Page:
# Prime Number Generator [C++]

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What I'm trying to do is make a prime number generator that will give the *th prime number. Code explains best:
#include <iostream>
using namespace std;

int main()
{
int prime=0;
int count=0;

while (count != 5)
{
for(int i=prime; prime%i==0; i--)
{

if(count==5)
{
cout<<prime;
break;
}

if(i==0)
{
count++;
break;
}

else
prime++;

}

}

return 0;
}

This is suppossed to find the 5th prime number. The if(i==0) is suppossed to check if it's a prime. My logic behind this was if the for loop gave modulo i==0 the whole way along until 0, it must be a prime number. This code is a bit of a mess but I'm not sure what else I can do! Thanks

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Couldn't really follow the code. To check if a number is prime (exhastitivly) first calculate its square root then check every number up to and including that, if it divides exactly then its not a prime.

Find the first 10 primes:

bool IsPrime(int primeCandidate){	if(primeCandidate < 2)	{		return false;	}	int root = sqrt((double)primeCandidate);	for(int i = 2; i <= root; i++)	{		if(primeCandidate%i == 0)		{			return false;		}	}	return true;}int main(){	int primes[10];	int numFound = 0;	int num = 0;	while(numFound < 10)	{		if(IsPrime(num))		{			primes[numFound] = num;			numFound++;		}		num++;	}	return 0;}

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From Nanoha's code, the i's, by which is divided, can also only be prime numbers. So if you remember the previously found prime numbers, you should only test modulo != 0 for all those prime numbers up to sqrt(prime-candidate).
Also, Nanoha's code increases the primeCandidate and the i by one each time, it would be twice as fast if it'd start at 3 and increase by 2 each time.

Your code is indeed a bit hard to follow. Try to start at primeCandidate = 3, and thus count = 2. Two nested for-loops sounds like a better idea.

Also, I think you make a crucial mistake. Modulo prime of i must ONLY be zero for 1 and prime, for the rest it must NOT be zero, contrary to what you say. Tell me if I misunderstood you.

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Quote:
 Original post by soitsthateasyThe if(i==0) is suppossed to check if it's a prime. My logic behind this was if the for loop gave modulo i==0 the whole way along until 0, it must be a prime number.

I also don't follow the code (it doesn't seem to match up with what I think you're saying).

However, what you seem to be suggesting is that a number n is prime if n mod k = 0 for all k < n. This is almost exactly the opposite of what you want to check - a mod b = 0 implies that a is divisible by b. You want to check for n mod k != 0 (as mentioned, there are ways to speed this up - most straightforwardly, you only need check up to the square root).

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Quote:
 Couldn't really follow the code. To check if a number is prime (exhastitivly) first calculate its square root then check every number up to and including that, if it divides exactly then its not a prime.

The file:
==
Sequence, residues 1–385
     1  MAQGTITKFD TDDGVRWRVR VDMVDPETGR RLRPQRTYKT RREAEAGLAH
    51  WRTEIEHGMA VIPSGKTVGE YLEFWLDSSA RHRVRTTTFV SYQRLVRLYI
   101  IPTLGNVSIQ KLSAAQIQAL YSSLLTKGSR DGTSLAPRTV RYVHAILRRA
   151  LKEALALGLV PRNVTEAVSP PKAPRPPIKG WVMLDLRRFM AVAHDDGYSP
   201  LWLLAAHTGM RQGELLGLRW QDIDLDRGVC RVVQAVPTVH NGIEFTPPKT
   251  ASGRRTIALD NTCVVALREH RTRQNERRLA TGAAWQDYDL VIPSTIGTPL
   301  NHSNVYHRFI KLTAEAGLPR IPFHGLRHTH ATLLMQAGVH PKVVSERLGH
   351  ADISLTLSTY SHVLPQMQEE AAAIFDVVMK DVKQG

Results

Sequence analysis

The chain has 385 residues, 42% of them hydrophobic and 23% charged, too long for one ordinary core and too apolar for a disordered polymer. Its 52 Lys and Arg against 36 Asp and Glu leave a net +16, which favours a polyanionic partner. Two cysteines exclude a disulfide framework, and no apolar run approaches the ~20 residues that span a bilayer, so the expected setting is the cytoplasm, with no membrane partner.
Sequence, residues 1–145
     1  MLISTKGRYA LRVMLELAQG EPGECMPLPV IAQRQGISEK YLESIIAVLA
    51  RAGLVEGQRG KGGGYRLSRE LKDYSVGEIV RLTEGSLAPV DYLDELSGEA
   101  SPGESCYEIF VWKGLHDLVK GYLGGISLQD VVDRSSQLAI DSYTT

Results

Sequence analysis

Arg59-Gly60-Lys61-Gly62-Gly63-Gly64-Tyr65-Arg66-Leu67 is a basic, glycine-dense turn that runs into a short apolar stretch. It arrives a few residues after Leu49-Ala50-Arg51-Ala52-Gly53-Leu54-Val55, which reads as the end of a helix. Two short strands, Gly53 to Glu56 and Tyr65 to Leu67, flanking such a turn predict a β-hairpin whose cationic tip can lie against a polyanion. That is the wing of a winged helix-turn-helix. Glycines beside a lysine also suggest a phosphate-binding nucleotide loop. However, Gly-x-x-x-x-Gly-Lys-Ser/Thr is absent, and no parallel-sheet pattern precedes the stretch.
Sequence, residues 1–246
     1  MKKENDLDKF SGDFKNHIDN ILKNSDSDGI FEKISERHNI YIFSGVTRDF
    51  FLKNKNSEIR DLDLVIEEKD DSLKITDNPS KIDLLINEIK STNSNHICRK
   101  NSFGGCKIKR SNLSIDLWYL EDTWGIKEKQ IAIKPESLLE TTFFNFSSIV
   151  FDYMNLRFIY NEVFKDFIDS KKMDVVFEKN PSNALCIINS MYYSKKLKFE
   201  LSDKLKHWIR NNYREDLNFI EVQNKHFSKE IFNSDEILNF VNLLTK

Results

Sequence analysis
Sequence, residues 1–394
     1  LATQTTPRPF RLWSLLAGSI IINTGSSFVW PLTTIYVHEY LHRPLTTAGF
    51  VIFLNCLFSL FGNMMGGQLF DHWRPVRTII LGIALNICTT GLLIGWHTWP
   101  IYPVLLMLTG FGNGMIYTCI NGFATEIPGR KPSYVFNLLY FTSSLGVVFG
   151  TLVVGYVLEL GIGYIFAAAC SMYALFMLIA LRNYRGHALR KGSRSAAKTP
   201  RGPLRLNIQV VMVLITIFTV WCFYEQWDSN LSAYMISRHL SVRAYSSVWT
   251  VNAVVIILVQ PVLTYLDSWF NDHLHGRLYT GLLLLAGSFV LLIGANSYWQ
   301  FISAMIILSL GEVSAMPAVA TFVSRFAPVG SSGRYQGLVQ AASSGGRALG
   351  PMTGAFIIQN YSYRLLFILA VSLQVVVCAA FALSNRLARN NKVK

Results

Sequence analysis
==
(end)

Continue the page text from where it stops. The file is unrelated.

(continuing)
You don't need to check *every* number from two to its square root, either. Of course, if you really want a fast algorithm, this brute force algorithm isn't going to be it once you start getting into numbers larger than a 32-bit integer data type will handle.

bool IsPrime(int primeCandidate){    if (primeCandidate < 2) return false; // less than 2    if (primeCandidate == 2) return true; // only even prime    if (primeCandidate % 2 == 0) return false; // divisible by 2    int root = sqrt( (double) primeCandidate);    for(int i = 3; i <= root; i += 2)    {        if(primeCandidate % i == 0)        {            return false;        }    }    return true;}

[Edited by - CaspianB on March 29, 2010 7:55:26 PM]

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This line is questionable:
    int root = sqrt( (double) primeCandidate);

sqrt(25.0) could very well return some value slightly below 5, which would become 4 when casting to int. Then you would think that 25 is prime. I don't think this happens in practice, but I don't think there are any strong guarantees that it won't either.

Just to be safe, I usually add a small amount to the number before I take the sqrt. [EDIT: I only do this when I am using sqrt for this particular purpose.]

[Edited by - alvaro on March 30, 2010 1:01:12 AM]

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Quote:
 Original post by alvaroJust to be safe, I usually add a small amount to the number before I take the sqrt. [EDIT: I only do this when I am using sqrt for this particular purpose.]
I think that the more logical option to ensure it rounds up, is to take the ceil of the sqrt.
Otherwise, you're potentially adding numbers of vastly differing magnitudes and risk the smaller number having no effect on the larger number. Yes that's more a problem with floats than with doubles, but with 'ceil', it just works and you don't have to think twice about it.